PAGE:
Just as House Republicans introduce their newest stunt aimed at pressuring President Barack Obama into making a decision on the Keystone XL pipeline, a former TransCanada whistleblower has penned a scathing op-ed warning readers that the company has a track record of sacrificing quality at the expense of the environment, a pattern he predicted will be reflected in the construction of the controversial new pipeline.

In a column published by The Lincoln Journal Star, Mike Klink, a former civil engineer and inspector for Bechtel -- one of the major contractors employed during the construction of TransCanada's first Keystone pipeline -- wrote that TransCanada's ultimate focus is money, not safety, explaining that he had an uncomfortable front-row seat to the disaster Keystone XL could potentially have on the U.S. environment.

Despite its boosters' advertising, this project is not about jobs or energy security. It is about money. And whenever my former employer Bechtel, working on behalf of TransCanada, had to choose between safety and saving money, they chose to save money, Klink wrote, adding that he witnessed the use of cheap foreign steel that cracked when workers tried to weld it, foundations for pump stations that you would never consider using in your own home, fudged safety tests and a surplus of other seemingly unethical safety hazards.

Klink, who is reportedly seeking whistleblower protection from the U.S. Department of Labor, says he shared his safety concerns with his bosses on multiple occasions, who then passed them on to the higher-ups at TransCanada. Eventually, Klink said his pestering over questionable safety practices led to the loss of his job.

When I last raised concerns about corners being cut, I lost my job -- but people along the Keystone XL pathway have a lot more to lose if this project moves forward with the same shoddy work, Klink wrote. Let's be clear -- I am an engineer; I am not telling you we shouldn't build pipelines. We just should not build this one.

The first Keystone pipeline, which runs from Alberta, Canada, to refineries in Illinois, experienced 12 different oil spills during its first year of operation between 2010 and 2011. The most extensive spill occurred in North Dakota last May, when 21,000 gallons of crude tar sands leaked from the pipeline, leading to a temporary shutdown of the $5.2 billion commodity.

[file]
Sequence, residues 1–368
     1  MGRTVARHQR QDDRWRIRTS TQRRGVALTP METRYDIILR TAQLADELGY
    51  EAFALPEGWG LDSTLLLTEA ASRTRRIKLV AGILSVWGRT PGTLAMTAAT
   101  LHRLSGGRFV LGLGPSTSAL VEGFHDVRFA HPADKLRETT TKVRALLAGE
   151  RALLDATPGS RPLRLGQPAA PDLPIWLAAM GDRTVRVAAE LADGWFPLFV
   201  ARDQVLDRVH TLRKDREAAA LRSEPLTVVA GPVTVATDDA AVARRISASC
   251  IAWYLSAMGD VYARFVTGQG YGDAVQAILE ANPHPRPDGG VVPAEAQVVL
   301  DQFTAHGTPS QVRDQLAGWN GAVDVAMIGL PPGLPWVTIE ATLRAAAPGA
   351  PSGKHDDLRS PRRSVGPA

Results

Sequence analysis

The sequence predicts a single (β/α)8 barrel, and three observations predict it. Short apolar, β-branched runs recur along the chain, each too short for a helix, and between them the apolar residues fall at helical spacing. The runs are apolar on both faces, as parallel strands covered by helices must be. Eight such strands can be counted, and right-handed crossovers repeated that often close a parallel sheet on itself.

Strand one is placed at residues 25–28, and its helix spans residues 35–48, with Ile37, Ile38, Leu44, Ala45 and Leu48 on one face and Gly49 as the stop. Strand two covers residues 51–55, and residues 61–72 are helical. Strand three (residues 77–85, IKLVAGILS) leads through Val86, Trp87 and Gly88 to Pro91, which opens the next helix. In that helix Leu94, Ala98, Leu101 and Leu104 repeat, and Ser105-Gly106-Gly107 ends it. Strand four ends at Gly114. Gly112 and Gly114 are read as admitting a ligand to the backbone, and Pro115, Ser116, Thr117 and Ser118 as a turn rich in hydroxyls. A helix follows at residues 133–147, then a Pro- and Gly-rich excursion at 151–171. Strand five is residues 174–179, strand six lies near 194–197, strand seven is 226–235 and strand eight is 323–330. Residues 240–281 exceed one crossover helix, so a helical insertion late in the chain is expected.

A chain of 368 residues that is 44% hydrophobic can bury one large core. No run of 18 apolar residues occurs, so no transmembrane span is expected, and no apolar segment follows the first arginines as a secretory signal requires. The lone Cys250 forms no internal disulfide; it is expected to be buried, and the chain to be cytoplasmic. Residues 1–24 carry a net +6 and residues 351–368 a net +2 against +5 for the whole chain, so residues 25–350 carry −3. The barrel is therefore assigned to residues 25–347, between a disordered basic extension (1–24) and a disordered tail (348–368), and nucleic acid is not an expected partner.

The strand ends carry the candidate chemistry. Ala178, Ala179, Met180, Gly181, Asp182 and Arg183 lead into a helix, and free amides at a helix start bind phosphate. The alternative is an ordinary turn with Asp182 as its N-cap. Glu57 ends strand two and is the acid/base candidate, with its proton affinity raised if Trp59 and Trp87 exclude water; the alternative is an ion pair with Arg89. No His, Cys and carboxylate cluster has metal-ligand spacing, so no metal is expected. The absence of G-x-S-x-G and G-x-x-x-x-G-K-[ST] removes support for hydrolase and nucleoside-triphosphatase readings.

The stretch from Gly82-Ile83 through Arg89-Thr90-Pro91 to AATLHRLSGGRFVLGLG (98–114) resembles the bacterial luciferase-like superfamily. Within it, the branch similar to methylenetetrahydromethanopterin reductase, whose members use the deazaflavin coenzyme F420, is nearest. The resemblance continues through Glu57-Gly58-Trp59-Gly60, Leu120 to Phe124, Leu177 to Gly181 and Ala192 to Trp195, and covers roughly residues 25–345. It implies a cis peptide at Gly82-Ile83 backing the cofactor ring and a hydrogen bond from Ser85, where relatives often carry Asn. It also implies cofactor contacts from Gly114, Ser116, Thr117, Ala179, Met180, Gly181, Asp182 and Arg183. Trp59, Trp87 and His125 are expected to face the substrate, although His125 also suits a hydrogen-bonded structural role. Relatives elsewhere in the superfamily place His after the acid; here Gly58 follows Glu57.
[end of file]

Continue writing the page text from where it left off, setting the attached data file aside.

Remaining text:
Despite the concerns surrounding the first pipeline, in August TransCanada executives said the proposed Keystone XL pipeline will be the safest crude oil pipeline built in America.

But the U.S. Environmental Protection Agency does not share TransCanada's confidence.  In July, the agency issued a response to a draft Environmental Impact Statement compiled by the State Department, writing that while it appreciated the department's effort, the draft did not provide the scope or detail of analysis necessary to fully inform decision makers and the public. According to the EPA, the draft did not contain sufficient information about everything from the purpose and need for the project, potential greenhouse gas emissions, air pollutant emissions, pipeline safety and spill response plans, as well as potential environmental impacts to environmental justice communities, wetlands and migratory birds.

Environmentalists have shunned the project, holding demonstrations in front of the White House in August and September that led to thousands of arrests. Although those in favor of the Keystone XL argue it will create American jobs and reduce the nation's dependence on foreign oil sources, a 2008 TransCanada Presidential Permit application for the project to the State Department reportedly indicated the project would require a peak work force of 3,500 to 4,200 construction personnel, Tar Sands Action reports.

Although the Obama administration called for a review of alternative pipeline routes in order to push the final verdict on the pipeline until after the 2012 election, in December congressional Republicans attached a provision to the payroll tax cut legislation requiring the administration to make a decision within 60 days.

Earlier this month, White House communications director Dan Pfeiffer said on Twitter that the Keystone provision simply shortens the review process in a way that virtually guarantees that the pipeline will NOT be approved.

On Wednesday, Republican members of the House Energy and Commerce Committee unveiled a countdown clock on the committee's Web site to literally track the days, hours, minutes and seconds Obama has to make to decision. As of Wednesday, the president has 12 days left.